Nebraska’s Educational Service Unit system began with the passage of LB 301 by the Nebraska Legislature in 1965. Since that time the Educational Service Unit system has undergone numerous changes that have expanded and improved the quality of service delivery. ESU 7 became fully operational in the fall of 1968. Today ESU 7 serves the K-12 school districts of seven counties from its offices at 2657 44th Avenue, Columbus, Nebraska.
The passage of LB 806 by the Nebraska Legislature in 1998 marks the most recent significant change for the ESU network. This legislation established Core Services and thrust the Educational Service Unit system into a significantly expanded role of state-wide school improvement. Prior to the passage of LB 806, diversity of services between Educational Service Units was quite marked. Since its passage, services have been prioritized into three major categories directed at the improvement of teaching and student learning. The three core services identified in the priority order are: staff development, technology and instructional material services. In 1999, funds were allocated by the state to support and sustain the technology infrastructure that had been established in 1993 under LB 452.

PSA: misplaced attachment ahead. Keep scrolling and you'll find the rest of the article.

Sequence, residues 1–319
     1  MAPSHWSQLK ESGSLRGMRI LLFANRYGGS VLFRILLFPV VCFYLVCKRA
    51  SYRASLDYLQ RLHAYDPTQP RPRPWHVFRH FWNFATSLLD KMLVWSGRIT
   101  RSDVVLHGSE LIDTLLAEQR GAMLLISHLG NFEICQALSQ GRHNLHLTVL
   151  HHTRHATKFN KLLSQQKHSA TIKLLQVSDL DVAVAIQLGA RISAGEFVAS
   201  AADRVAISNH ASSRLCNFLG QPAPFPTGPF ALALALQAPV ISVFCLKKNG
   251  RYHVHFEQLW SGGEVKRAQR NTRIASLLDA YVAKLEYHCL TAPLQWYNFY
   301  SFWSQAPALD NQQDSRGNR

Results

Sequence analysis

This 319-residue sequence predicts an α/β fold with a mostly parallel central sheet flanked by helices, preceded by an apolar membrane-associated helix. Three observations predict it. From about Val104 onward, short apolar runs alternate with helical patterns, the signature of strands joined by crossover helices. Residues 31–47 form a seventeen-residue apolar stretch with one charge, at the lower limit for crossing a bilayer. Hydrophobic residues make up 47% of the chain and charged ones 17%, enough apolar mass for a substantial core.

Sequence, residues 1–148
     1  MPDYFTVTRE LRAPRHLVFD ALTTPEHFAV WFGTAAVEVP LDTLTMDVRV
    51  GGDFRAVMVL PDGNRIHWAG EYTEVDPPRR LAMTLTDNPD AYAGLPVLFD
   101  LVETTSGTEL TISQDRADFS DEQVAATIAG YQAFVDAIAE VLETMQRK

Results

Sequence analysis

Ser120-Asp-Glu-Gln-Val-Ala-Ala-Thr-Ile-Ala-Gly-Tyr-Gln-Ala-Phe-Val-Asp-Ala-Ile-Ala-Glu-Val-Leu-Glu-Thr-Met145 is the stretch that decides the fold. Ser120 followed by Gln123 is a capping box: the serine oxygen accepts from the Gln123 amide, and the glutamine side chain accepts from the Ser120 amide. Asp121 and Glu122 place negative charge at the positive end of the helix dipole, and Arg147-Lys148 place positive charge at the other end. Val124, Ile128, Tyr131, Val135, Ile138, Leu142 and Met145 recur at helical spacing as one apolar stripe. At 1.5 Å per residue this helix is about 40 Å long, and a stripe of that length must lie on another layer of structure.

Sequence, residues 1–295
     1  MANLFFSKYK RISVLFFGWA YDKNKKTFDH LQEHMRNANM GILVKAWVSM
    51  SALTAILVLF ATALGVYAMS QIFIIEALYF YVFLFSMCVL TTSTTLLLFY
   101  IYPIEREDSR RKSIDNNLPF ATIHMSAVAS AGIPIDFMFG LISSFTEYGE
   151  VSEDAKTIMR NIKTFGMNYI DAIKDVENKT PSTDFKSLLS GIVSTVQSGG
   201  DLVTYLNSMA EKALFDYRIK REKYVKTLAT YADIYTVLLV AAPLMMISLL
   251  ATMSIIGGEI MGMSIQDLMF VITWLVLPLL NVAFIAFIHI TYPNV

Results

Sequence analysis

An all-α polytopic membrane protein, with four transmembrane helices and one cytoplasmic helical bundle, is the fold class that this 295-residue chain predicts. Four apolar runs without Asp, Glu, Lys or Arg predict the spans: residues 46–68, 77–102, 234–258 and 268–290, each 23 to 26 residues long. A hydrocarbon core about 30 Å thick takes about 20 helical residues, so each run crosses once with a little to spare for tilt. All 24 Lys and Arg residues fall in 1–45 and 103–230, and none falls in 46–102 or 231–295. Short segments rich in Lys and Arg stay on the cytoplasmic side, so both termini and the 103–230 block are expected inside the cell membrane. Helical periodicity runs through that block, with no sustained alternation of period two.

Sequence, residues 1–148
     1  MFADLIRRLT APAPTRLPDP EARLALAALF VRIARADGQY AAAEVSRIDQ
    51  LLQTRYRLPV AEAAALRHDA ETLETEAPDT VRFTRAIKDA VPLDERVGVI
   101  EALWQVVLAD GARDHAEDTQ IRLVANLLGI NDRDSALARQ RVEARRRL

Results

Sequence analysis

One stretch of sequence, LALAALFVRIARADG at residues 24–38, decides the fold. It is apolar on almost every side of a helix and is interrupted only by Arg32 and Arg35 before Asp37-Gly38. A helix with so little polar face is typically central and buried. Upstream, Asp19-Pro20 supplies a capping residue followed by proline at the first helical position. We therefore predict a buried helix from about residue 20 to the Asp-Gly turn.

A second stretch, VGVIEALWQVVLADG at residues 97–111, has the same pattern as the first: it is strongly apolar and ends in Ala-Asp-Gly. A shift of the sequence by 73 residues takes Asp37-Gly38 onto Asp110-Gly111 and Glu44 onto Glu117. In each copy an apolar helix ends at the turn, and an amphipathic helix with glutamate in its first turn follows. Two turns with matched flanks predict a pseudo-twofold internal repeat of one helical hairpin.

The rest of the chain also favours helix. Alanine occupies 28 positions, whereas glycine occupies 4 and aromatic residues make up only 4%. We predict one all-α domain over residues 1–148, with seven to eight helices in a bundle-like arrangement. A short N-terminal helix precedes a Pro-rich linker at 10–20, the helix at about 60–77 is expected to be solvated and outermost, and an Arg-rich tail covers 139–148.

LB 806 called for effectiveness and efficiency in service delivery that could be evaluated on a state-wide basis. At the time the current accreditation process for ESUs consisted of an onsite visitation and study every seven years. In accordance with Section 3 of the law, the State Board of Education sets the minimum accreditation standards. These standards hold ESUs accountable (to the taxpayer) and assure that all school districts receive equitable and quality educational opportunities. In 1999 two committees were created to review ESU accountability and revise the accreditation process. In 2001 these two communities were merged. ESU 7, along with two other Educational Service Units became involved in a pilot study designed to develop a new system of accreditation that mirrors the school improvement process, is ongoing, data driven and looks at the value added to area school programs. In addition to accountability language, LB 806 outlined an advisory and approval process that requires Educational Service Units to annually prepare a core service plan that must be approved by 2/3 of the public school districts being served whose student population represents more than 50% of the total student population of the unit.
15 - Senator Lynne Walz
22 - Senator Mike Moser
23 - Senator Bruce Bostelman
24 - Senator Mark Kolterman
34 - Senator Curt Friesen
41 - Senator Tom Briese
Nebraska legislature site to find more district and senator information:
Boone, Butler, Colfax, Merrick, Nance, Platte, and Polk
Boone Central, Central City, Clarkson, Columbus, Cross County, David City, East Butler, Fullerton, High Plains, Howells-Dodge, Humphrey, Lakeview, Leigh, Osceola, Palmer, Schuyler, Shelby-Rising City, St. Edward, and Twin River